Jane Coburn said...

No tigers involved at all. It's a plant. Looks a bit like pistachio nut minus the shell.I'm looking forward to making this over the weekend. But I am assuming you don't cook the rice first.

QC said...

My rice isn't blending well. Maybe I should try the soak then blend method next time...

Edward said...

Just a general thank you, Chef. I scale your recipes up to serve various meals including a Sunday brunch at our little winery's museum's restaurant each week. Lately I've been serving the sweet hot mustard chicken thighs with the Brutus salad on the side. I usually make between 20 and 60 portions depending on reservations.

As per your recipe, I slit the thighs and marinate them over night. I don't cook them on top of sliced onions. Instead I cook a lot of onions in the manner of the way your start your American French onion soup. 30 minutes into cooking the chicken, I add a quart of chicken stock split among the pans of chicken, and at the end of cooking I separate the fat from the rest of the cooking liquid and add the result to the onions and cook them a little longer, reducing the liquid slightly. This makes an amazing chunky sauce with a lot of the flavor from the marinade mixing with the onions.

I serve the chicken over mashed potatoes with the onion mixture poured over the top. This combined with the Brutus salad is a very popular, surprisingly light meal for a Sunday brunch.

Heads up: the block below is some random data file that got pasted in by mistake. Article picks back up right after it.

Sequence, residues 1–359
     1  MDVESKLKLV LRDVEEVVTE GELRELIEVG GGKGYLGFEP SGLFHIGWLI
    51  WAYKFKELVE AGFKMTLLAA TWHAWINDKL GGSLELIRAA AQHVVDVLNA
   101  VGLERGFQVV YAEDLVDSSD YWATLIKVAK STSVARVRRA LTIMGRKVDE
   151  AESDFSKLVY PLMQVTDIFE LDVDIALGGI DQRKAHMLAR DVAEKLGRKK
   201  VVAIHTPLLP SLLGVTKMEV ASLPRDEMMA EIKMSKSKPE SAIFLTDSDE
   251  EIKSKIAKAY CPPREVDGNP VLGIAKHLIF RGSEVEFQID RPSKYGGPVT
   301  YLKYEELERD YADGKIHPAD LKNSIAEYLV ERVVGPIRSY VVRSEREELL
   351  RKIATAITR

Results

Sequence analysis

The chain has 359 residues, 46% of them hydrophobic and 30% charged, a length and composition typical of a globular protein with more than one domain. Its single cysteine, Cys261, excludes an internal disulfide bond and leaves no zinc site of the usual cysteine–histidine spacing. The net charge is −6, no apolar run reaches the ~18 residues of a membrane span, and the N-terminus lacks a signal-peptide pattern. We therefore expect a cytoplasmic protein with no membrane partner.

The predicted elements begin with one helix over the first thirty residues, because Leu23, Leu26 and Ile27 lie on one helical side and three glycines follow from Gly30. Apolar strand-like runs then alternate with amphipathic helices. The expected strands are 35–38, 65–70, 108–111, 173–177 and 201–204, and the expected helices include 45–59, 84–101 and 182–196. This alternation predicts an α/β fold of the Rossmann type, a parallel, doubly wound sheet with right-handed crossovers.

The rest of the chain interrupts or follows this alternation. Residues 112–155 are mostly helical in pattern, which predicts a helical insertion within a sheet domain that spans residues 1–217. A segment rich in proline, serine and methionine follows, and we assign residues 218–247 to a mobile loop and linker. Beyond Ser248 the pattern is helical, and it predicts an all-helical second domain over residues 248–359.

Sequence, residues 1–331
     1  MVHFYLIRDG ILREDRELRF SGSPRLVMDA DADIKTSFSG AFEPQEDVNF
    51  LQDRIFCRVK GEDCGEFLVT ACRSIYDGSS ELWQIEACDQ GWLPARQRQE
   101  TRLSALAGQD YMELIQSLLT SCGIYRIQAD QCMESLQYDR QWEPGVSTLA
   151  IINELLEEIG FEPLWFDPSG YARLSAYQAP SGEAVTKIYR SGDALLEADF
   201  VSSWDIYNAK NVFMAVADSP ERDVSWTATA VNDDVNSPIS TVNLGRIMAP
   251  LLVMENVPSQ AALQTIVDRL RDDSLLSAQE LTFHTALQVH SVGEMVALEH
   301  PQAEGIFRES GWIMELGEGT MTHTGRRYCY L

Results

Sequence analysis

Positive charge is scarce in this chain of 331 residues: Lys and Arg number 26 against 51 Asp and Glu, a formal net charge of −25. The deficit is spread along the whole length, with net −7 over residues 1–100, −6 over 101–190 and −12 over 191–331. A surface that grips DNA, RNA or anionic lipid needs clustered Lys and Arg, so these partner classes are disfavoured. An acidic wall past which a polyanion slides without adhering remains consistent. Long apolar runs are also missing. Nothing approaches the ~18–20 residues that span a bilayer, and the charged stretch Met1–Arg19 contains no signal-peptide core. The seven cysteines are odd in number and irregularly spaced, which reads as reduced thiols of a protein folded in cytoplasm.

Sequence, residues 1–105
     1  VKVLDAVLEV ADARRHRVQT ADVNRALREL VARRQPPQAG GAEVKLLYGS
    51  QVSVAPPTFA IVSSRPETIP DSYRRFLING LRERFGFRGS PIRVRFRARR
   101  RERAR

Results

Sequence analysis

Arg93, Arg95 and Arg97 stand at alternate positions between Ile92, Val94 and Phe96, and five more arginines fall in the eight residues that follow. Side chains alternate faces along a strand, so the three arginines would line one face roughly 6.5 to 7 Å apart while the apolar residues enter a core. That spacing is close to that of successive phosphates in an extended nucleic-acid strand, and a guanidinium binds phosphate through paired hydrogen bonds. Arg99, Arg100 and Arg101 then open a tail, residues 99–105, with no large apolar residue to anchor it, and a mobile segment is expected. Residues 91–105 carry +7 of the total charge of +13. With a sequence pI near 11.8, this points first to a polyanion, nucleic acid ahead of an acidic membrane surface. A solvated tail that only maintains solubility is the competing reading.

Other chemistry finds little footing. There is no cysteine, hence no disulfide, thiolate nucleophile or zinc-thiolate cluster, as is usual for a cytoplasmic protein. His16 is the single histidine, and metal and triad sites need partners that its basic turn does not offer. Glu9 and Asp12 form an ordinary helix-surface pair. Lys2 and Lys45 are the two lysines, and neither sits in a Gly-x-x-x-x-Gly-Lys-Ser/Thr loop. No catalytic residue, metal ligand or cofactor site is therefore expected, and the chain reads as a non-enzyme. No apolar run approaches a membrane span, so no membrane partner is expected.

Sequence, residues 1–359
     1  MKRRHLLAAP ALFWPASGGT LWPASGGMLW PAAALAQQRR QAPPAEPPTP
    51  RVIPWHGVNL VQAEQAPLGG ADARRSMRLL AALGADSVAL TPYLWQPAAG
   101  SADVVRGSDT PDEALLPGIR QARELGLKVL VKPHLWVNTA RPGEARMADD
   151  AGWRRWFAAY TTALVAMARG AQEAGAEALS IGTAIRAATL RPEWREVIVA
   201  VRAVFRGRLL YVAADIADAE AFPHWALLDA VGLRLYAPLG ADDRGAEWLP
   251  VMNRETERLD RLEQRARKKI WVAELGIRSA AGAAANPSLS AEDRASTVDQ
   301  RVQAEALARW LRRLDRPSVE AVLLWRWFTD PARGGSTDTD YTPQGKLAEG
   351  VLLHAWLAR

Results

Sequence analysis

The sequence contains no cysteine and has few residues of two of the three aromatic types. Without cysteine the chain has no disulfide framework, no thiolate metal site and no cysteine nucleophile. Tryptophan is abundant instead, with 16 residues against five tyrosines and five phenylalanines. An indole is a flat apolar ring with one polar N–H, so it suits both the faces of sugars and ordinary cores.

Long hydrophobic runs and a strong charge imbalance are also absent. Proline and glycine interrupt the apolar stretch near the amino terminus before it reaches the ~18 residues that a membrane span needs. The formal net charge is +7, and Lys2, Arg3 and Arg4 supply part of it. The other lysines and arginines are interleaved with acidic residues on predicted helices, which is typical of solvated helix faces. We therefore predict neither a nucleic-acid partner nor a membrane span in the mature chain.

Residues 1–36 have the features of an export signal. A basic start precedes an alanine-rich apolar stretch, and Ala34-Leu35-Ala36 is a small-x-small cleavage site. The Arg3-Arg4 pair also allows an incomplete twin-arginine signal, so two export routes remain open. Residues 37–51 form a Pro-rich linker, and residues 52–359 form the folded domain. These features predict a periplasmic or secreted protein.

I've also served your Maialle al Latte with polenta to real Italians to much applause. Thanks again!

Luca Gacy said...

Would heating up the mixture speed up the process or is there a reason why that wouldn't help?

Luca Gacy said...

Would heating up the mixture speed up the process or would it not help at all.

Rob Moy said...

A little bit of mexican vanilla complements the flavor!

Nicole Cooper said...

Can i make this in my food processor instead of the blender? My blender is not so great.

John said...

"The 'h' is silent, but your guests won't be." Gold. It's why we love you, Chef John!

Don Dillashaw said...

Thanks for the great recipe Chef John! My young adults like there horchata on the sweet and creamy side so I did a little tweaking and it came out awesome. I used 1/2 cup almonds, 3/4 cup sugar, a pinch of salt and one extra cup of water at the end. Other than those minor changes everything the same... delicious!!

Nigel Lovatt said...

Never heard of this until I saw the video. I gave it a try today and the family loved it. Many thanks.

Edward said...

@Malb
Any long grain rice will work and no, don't rinse it because it is the starch that contributes the rice component of the flavor to the drink. Rinsing rice removes quite a bit of the starch, which is sometimes desirable when cooking rice to make it less sticky, although sushi rice, for instance, is rinsed repeatedly give it a clean glossy look for nigiri and tekka maki. The rice wine vinegar and sugar it is flavored with makes it sticky again afterwards.

I haven't tried it, but naturally scented Jasmine rice might have an interesting flavor.